As TCTC’s main fundraiser, the Bayshore pays for most of the club’s operations as well as the grants it awards each year to community organizations. In 2022, for instance, TCTC awarded a $50,000 grant to TART Trails to help fund the engineering plan for the TART redesign along Grandview Parkway. Other 2022 grants included $6,000 to the Grand Traverse Conservation District for trail improvements at Hickory Meadows, $7,500 to Traverse City Area Public Schools (TCAPS) to put new treadmills in the Traverse City Central High School fitness room, and $500 to SEEDS Ecology and Education Centers for “the purchase of materials associated with youth training for trail building in northwest Michigan.”

Given that growing Bayshore is such a challenge, both Taylor and Wille say TCTC will likely need to pursue new avenues for funding in order to continue growing its community impact. Wille, who currently runs a consulting firm that offers development and grant writing services, is prepared to start pursuing grants as a means of supporting TCTC’s mission, which she describes as “helping people live healthy, active lifestyles.”

One barrier to those types of lifestyles in northern Michigan – and one area TCTC will aim to make a bigger impact going forward – is a culture that doesn’t always emphasize pedestrian safety. In December, a 43-year-old Lake Leelanau woman was struck and killed while walking her dog on South Lake Shore Drive in Leland Township. In October, a Traverse City cyclist died after being struck by a southbound vehicle on Center Road. These tragedies are part of a growing trend in northern Michigan –and nationwide – of roads becoming less safe for pedestrians and cyclists, a product of changing driver habits during the pandemic. According to the Governors Highway Safety Administration (GHSA), drivers in the United States “struck and killed an estimated 7,485 people on foot in 2021” – the highest level in 40 years.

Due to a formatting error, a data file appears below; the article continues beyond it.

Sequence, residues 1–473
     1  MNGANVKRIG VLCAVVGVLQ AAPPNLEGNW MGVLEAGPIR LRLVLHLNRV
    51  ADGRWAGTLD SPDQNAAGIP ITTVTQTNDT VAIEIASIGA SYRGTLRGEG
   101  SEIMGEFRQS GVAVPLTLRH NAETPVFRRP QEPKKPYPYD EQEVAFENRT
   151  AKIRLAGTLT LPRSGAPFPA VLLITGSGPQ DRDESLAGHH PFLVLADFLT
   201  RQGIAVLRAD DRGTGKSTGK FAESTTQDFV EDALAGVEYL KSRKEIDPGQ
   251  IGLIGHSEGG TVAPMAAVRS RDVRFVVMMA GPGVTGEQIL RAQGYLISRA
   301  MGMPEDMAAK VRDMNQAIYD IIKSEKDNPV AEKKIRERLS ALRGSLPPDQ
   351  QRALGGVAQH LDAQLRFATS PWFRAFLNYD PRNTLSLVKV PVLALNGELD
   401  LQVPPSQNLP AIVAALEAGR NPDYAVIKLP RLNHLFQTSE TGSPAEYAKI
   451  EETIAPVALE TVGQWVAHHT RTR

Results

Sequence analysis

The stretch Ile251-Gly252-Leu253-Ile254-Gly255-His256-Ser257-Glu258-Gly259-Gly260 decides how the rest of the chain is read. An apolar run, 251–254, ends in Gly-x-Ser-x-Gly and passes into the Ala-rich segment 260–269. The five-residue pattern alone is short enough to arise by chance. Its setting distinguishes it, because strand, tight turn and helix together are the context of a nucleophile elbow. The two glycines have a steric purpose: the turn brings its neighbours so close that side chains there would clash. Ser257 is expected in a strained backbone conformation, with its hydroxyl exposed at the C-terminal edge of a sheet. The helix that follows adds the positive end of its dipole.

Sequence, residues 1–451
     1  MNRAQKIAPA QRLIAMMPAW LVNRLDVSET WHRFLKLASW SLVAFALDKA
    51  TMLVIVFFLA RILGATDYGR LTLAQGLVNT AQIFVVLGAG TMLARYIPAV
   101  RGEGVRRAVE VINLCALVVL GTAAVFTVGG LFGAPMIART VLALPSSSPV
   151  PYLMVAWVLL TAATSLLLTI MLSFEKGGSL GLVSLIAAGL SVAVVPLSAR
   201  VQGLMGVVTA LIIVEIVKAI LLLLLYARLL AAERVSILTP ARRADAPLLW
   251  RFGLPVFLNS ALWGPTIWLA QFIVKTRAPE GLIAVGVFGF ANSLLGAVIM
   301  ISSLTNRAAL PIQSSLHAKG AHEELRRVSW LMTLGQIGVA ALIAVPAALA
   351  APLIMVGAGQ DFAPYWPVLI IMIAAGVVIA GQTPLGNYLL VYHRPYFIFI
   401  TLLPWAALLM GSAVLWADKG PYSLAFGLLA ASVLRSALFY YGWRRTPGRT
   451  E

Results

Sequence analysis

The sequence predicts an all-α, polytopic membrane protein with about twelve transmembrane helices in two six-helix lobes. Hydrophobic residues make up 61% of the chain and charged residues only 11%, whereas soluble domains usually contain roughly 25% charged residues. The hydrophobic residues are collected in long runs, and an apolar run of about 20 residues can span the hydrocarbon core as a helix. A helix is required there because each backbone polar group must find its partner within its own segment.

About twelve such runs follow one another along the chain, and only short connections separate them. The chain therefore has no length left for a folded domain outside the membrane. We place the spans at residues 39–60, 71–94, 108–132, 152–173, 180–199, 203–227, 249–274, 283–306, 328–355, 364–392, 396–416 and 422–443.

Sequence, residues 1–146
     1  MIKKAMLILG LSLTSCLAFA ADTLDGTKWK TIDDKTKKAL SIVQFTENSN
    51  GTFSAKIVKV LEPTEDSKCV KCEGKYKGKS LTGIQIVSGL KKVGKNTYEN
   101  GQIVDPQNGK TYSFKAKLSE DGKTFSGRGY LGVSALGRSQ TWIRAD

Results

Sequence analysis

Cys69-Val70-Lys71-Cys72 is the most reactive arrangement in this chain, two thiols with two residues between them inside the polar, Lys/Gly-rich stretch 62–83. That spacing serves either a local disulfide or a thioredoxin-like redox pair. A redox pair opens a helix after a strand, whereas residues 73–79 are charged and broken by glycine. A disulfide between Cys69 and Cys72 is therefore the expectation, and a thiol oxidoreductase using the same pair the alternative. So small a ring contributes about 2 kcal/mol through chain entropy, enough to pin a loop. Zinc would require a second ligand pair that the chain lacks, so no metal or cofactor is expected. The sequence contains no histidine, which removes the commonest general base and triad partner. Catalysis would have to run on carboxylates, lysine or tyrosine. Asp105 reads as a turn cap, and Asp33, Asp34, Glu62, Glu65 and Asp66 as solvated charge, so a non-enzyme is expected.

“I think there are definitely opportunities for an organization like TCTC to look at some education pieces around pedestrian safety,” Wille says. “And I don't think we need to reinvent the wheel. I think that there are organizations out there, like Norte, that are already doing a lot of work in this area.”

In particular, Wille points to things like the Safe Routes to School initiative and the growing TART network as examples of projects that prioritize walkers, runners, and bikers rather than cars. Building partnerships aimed at funding those types of projects, she says, is something TCTC will hope to do more of in the future.

“Partnerships are really a big part of our strategy [for pedestrian safety],” Taylor adds. “Developing relationships in partnership is one of our strategic goals right now, and the potential there to make an impact is great. Up to this point, we've been able to make an impact with our charitable giving. For instance, speaking of safe places to run, TART was actually our first-ever grant recipient, and has to date received almost $600,000 in grants from TCTC to help build safe trails. So, we’ve definitely been able to support that idea of pedestrian safety by putting our money where our mouth is.”

As for future partnerships, Taylor thinks that Wille and the rest of the TCTC may find their biggest opportunities to make a mark by trying to do more with TCAPS and other local school systems.

“A lot of the public schools have great running programming that starts in the third grade,” Taylor says. “But one of the challenges the schools have is getting people to come in and coach. So coaching programs, for all age groups, is something that I know going forward can be a lot of fun and really hone in on our mission of encouraging running for all ages and abilities. And then that also gives us an opportunity to start teaching pedestrian safety at a young age.”